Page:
I remember in the town in which I live there was a meeting of community leaders to discuss the homeless situation. It seemed that there was an influx of homeless people coming to the community and the community leaders were concerned about what to do about that. One suggestion was to build a homeless center. This would be a place where you come to live for short periods of time where there would be food provided there would be places for showering etc. It would be a way of reaching out to the homeless people to assist them with their needs. But interestingly the answer to building this homeless shelter was that it should be built in the next town over such that the answer to serving the homeless people in my town was to build a homeless shelter in another town. Now no one was being fooled in terms of understanding why the homeless shelter should be built in a different town. Was there compassion and in building a homeless shelter? Of course there was. However, there was something else going on in terms of saying we want to serve the homeless people in a different town not in our own town and everyone in the room knew exactly what that was about. The same type of problem occurs when we take individuals with intellectual disabilities, for example, and say we want to serve them in a totally separate segregated setting. Is there compassion in serving individuals with intellectual disabilities? Of course there is. But at the same time in the same way as the desire to serve homeless people in a different city there is something additionally that is communicated when we say that we want to serve intellectually disabled people at a different time or a different setting apart from the larger church group and people may say that this is irrelevant but I think they're fooling themselves. If you were to come to my church and I were to say to you people with your characteristic, whatever that might be (particularly if it was a characteristic thought of negatively by society), go to a program in a different setting in a different time you would rightly be unhappy. Now if that characteristic was that everybody at that time spoke Spanish or everybody at that time were just women or were just men in terms of having additional special program offerings, that may be acceptable. However, if the only opportunity for participating was at a separate place and time you might wonder, “Why I can’t be with everybody else?” “How come I have to just with other people who have this perceived characteristic?”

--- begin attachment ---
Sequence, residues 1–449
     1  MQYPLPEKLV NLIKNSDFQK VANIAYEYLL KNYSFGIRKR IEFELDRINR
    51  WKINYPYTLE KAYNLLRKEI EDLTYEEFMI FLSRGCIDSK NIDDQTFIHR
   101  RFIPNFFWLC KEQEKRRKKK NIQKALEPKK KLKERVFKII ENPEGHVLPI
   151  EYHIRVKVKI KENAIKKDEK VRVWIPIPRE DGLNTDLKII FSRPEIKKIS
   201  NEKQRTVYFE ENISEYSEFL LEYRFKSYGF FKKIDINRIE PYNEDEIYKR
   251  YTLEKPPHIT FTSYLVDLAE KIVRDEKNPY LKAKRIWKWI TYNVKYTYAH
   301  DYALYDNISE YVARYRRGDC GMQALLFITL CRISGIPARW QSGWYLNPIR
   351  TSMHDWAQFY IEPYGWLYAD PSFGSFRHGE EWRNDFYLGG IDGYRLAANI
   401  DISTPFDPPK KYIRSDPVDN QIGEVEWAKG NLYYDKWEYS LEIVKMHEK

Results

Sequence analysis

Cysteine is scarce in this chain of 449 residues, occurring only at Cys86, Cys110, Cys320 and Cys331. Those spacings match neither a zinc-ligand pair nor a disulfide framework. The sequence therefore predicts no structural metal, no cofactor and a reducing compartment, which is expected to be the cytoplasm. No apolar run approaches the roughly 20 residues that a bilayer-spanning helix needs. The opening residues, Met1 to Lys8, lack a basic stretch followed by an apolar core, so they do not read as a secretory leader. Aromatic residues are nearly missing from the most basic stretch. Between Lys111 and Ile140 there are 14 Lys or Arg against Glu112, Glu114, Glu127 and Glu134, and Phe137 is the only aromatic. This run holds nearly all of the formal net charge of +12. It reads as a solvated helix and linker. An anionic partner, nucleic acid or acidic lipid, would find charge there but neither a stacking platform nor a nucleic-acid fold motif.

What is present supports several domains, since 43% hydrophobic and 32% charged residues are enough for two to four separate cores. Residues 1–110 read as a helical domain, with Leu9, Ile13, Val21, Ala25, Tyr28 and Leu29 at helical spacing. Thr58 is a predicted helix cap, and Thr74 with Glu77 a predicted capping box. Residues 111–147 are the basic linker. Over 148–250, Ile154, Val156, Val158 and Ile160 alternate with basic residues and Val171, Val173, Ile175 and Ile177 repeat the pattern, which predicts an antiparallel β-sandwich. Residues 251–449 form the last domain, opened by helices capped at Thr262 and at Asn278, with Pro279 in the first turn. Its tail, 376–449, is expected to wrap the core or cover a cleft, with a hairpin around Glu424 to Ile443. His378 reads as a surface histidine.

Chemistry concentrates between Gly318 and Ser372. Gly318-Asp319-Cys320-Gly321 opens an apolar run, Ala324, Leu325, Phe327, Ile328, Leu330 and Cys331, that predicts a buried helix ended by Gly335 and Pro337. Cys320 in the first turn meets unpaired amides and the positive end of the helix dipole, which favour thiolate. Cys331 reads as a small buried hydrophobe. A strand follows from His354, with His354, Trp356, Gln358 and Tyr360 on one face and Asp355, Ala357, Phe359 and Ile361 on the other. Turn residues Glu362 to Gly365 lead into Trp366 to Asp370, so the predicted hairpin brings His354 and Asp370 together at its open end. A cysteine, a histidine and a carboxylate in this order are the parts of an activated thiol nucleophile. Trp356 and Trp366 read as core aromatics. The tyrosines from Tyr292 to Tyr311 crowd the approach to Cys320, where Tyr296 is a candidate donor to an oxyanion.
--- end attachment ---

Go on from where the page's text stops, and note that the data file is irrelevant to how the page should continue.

In the same way that the presence of people living in poverty has the potential of having their need met through the resources of those in the larger group, the presence of people with various disabilities also provides the potential of their needs being met through the resources of the larger group. Now people will say I didn’t know of their need or I didn't know of their presence in the community and on some level I would agree as people can live their lives and have limited contact with people with particularly more severe types of disabilities. However, at the same time one must know of the presence of these people in the community and if they don't, the only way that they will know is if the environments that they are in are less segregated. So, segregated religious settings for people with disabilities in no way contribute to people moving out from an ignorance of the needs of individuals in the community. It's only by having people together in a setting that I began to become aware of the needs or even the basic presence of people with these characteristics in the community. Those who would segregate individuals with disabilities do little more than remove the potential of changing the lives of all of both those with disabilities who hold various resources and the lives of those without disabilities who hold various resources from coming together to the benefit of both.